We Could Have Stayed There For Another Week

A scene from “Marijuana Inc.: Inside America’s Pot Industry” included a mini-tour of Oaksterdam University, which promotes itself as the first cannabis college, providing entrepreneurs with the “highest quality training” to enter California’s burgeoning marijuana dispensary business. On several walls were large red signs with yellow letters proclaiming:

Jurors Can Not Be Punished For Their Verdicts

An advertisement for jury nullification, albeit when considering the location, most likely preaching to the choir, or viewed more cynically, meant to assuage students’ doubts about the likelihood of a successful federal prosecution.

Are jurors likely to nullify? To insist on voting “not guilty” when they believe the state or federal government has proven its case beyond a reasonable doubt, but instead to base their verdict on personal, moral, ethical objections to convicting or imprisoning marijuana users and their suppliers. It’s a nice thought.

But see this week’s opinion in U.S. v. Villar, courtesy of the First Circuit Court of Appeals. Merely hours after the appellant was convicted of bank robbery, the defense lawyer received the following email, from a juror who was not convinced of the government’s case apologizing for the guilty verdict:

We finally decided to not prolong that young man’s hope any longer. We could have stayed there for another week. Their minds were made up from the first day. Here’s one example, A man said “I guess we’re profiling but they cause all the trouble.”

[Full contents of email available in the first comment to this post. Also, it’s an interesting opinion. The 606(b) vs. Fourteenth Amendment issues could make for several blog posts, and the court ends up reversing, but I will return to my intended topic: weak minded jurors.]

From the recitation of facts, seems that identity was the sole issue at trial, and now a juror comes forward claiming that racial bias influenced at least some of the jurors. But why did he cave in and vote guilty?

You know if I thought he would have gotten a different kind of jury the next time I think [I] would have kept them there.

These people are the salt of the earth and there is no gray in their lives. I really hope they never get into the scales of blind justice because she isn’t.

You thought he was factually innocent, or you thought he might have done it but weren’t convinced beyond a reasonable doubt; either way you “wanted” to vote not guilty. But you decided that 9 out of 12 (read the full email, there were 3 holdouts) was good enough to send him to prison for years?

It’s the same rule as “crying in baseball”; there’s no "apologizing for a guilty verdict" after the fact. If you feel the need to explain why you did the wrong thing, then it was the wrong thing, end of story.  Does it really take courage to stick to your guns?

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Comments (3) Read through and enter the discussion with the form at the end
Jamie - November 14, 2009 7:27 PM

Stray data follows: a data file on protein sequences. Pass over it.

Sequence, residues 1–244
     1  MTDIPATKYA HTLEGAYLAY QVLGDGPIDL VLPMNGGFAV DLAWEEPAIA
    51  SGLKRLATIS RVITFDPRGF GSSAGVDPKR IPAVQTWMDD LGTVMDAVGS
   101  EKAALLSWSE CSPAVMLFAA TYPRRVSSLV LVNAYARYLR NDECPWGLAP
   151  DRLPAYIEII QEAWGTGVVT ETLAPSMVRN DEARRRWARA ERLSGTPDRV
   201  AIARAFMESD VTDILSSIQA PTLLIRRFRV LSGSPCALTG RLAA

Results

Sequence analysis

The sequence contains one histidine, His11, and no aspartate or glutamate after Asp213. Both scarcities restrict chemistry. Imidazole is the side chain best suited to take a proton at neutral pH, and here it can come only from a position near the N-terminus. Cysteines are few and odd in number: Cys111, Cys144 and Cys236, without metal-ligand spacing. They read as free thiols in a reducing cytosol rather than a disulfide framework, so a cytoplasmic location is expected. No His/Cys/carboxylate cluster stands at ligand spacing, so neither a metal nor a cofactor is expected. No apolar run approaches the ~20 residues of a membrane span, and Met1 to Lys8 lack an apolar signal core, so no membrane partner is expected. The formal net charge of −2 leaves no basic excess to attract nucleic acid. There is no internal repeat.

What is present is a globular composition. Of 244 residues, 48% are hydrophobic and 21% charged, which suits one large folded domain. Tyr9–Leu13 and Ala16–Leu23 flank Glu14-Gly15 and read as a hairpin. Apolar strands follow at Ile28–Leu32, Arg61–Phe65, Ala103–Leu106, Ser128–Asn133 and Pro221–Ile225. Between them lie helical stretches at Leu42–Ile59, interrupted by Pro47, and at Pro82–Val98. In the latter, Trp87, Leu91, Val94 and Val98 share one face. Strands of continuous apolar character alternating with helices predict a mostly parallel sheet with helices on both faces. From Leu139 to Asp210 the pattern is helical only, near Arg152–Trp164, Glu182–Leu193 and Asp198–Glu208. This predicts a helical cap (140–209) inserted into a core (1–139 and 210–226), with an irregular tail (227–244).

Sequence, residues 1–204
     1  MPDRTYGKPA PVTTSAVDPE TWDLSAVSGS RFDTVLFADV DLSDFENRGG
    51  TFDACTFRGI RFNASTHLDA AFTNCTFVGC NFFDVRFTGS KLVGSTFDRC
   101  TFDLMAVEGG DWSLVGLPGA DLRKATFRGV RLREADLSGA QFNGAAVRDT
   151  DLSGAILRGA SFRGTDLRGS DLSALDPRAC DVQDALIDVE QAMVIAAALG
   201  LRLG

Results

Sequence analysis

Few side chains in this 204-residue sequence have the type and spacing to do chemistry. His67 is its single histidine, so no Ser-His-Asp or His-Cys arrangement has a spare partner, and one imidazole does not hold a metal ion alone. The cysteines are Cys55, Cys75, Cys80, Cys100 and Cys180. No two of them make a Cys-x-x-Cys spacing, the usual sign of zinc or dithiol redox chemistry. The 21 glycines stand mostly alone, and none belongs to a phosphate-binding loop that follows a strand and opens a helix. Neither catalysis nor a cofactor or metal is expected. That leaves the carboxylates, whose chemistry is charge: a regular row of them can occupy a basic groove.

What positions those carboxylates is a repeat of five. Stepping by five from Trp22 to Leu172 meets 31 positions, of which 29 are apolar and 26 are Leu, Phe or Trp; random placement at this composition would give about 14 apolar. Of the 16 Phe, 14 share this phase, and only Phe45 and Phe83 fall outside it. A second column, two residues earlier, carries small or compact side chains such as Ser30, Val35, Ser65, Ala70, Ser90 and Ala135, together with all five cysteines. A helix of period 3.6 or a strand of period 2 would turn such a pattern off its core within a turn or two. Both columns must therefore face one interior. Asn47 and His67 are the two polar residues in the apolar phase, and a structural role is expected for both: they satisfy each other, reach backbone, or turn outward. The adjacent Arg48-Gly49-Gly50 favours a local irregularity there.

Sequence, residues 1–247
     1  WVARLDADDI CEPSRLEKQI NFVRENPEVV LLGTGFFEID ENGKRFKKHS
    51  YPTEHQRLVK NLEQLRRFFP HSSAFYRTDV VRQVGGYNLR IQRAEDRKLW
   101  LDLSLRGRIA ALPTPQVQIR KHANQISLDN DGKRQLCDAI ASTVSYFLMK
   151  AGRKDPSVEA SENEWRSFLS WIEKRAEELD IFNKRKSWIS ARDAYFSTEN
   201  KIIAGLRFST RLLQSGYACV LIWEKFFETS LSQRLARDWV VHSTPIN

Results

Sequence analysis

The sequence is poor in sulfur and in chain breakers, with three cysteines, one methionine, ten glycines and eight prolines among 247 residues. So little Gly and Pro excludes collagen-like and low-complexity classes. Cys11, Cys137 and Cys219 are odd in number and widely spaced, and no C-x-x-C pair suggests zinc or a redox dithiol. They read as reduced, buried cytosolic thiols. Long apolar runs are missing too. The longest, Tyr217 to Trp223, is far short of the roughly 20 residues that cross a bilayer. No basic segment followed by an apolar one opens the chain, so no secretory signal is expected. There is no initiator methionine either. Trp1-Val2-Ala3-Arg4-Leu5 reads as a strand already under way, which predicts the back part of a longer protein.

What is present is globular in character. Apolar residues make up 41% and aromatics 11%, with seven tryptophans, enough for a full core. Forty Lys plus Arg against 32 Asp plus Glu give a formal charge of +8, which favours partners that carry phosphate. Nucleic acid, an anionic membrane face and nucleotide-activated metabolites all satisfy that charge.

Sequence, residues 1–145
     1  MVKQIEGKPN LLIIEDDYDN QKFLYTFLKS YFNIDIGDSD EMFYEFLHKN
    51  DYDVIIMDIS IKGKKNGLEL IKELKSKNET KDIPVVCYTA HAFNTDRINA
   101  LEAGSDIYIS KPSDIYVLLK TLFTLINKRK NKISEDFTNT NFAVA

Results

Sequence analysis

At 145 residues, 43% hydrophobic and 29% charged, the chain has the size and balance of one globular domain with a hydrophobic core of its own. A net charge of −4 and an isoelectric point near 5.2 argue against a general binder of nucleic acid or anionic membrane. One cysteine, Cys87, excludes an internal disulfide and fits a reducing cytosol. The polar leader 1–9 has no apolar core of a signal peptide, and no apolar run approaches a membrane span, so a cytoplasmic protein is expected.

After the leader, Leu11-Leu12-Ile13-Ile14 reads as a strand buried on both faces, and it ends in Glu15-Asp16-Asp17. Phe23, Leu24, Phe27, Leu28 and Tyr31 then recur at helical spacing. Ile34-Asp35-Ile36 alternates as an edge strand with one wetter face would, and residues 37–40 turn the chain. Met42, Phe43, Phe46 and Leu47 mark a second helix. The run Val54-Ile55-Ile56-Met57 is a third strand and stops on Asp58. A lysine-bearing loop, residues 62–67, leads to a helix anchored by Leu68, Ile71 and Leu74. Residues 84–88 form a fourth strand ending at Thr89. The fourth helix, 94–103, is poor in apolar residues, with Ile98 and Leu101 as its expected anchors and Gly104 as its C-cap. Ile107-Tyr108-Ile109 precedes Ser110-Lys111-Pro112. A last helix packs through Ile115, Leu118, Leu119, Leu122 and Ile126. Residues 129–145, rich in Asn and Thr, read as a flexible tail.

[Here's the full text of the email]

I felt compelled to send this to you. I don’t know if I should even be doing this but I don’t care. I know it’s late but I want you to know that there were at least 3 people on that jury who actually listened to the testimony with an open mind.

We tried to make the rest pay attention. We made them go through every piece of evidence and every witness. Between us we pointed out every discr[e]p[a]ncy. They made up some story to explain it away. I want you to know that I will go to jail before I ever serve on another jury. It was awful. I’m sorry we couldn’t do anything.

We finally decided to not prolong that young man’s hope any longer. We could have stayed there for another week. Their minds were made up from the first day. Here’s one example, A man said “I guess we’re profiling but they cause all the trouble.”

Well I won’t keep you longer. Again I am sorry we couldn’t do more. You know if I thought he would have gotten a different kind of jury the next time I think [I] would have kept them there.

These people are the salt of the earth and there is no gray in their lives. I really hope they never get into the scales of blind justice because she isn’t. God bless you and Mary keep you safe.

D.A. Confidential - November 19, 2009 5:18 AM

That does seem disturbing and I agree that sometimes it takes a lone hold-out to ensure that justice gets done. Do you see this as an inherent failure of the jury system, or an outlier example of how it sometimes doesn't work as it should?
Coming from the other side of the aisle, I know that in voir dire defense lawyers sometimes look to remind jurors that they have a right to go against the grain. I sometimes tell them that while this is true, they deliberate and talk about the case for a reason, and that changing their minds is okay.
If, of course, done for the right reason. :)

Jamie - November 19, 2009 10:41 AM

D.A.C.:

I don't think there's any reliable way to know. At least if we're talking about "jurors changing their mind, because majority rules".

Not sure how that would be measured. Except, in the extraordinary cases like this one where a juror goes out of his or her way to volunteer the information.

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